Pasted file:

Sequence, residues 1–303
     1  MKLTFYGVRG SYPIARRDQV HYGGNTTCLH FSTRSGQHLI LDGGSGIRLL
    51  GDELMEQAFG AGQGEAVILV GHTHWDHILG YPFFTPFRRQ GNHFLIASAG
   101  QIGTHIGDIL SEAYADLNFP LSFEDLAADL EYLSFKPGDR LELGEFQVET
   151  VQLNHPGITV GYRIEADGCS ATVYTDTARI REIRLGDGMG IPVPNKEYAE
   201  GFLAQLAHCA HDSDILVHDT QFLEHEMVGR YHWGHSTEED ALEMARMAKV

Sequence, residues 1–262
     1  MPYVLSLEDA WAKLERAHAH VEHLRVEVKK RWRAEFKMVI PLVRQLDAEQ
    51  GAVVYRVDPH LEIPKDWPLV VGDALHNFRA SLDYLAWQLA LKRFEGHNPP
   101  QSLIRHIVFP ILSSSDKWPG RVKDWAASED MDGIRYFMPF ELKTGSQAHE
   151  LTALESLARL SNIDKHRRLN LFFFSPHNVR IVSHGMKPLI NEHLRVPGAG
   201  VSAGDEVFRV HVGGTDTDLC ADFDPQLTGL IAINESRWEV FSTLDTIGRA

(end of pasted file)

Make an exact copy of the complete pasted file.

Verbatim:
Sequence, residues 1–303
     1  MKLTFYGVRG SYPIARRDQV HYGGNTTCLH FSTRSGQHLI LDGGSGIRLL
    51  GDELMEQAFG AGQGEAVILV GHTHWDHILG YPFFTPFRRQ GNHFLIASAG
   101  QIGTHIGDIL SEAYADLNFP LSFEDLAADL EYLSFKPGDR LELGEFQVET
   151  VQLNHPGITV GYRIEADGCS ATVYTDTARI REIRLGDGMG IPVPNKEYAE
   201  GFLAQLAHCA HDSDILVHDT QFLEHEMVGR YHWGHSTEED ALEMARMAKV

Sequence, residues 1–262
     1  MPYVLSLEDA WAKLERAHAH VEHLRVEVKK RWRAEFKMVI PLVRQLDAEQ
    51  GAVVYRVDPH LEIPKDWPLV VGDALHNFRA SLDYLAWQLA LKRFEGHNPP
   101  QSLIRHIVFP ILSSSDKWPG RVKDWAASED MDGIRYFMPF ELKTGSQAHE
   151  LTALESLARL SNIDKHRRLN LFFFSPHNVR IVSHGMKPLI NEHLRVPGAG
   201  VSAGDEVFRV HVGGTDTDLC ADFDPQLTGL IAINESRWEV FSTLDTIGRA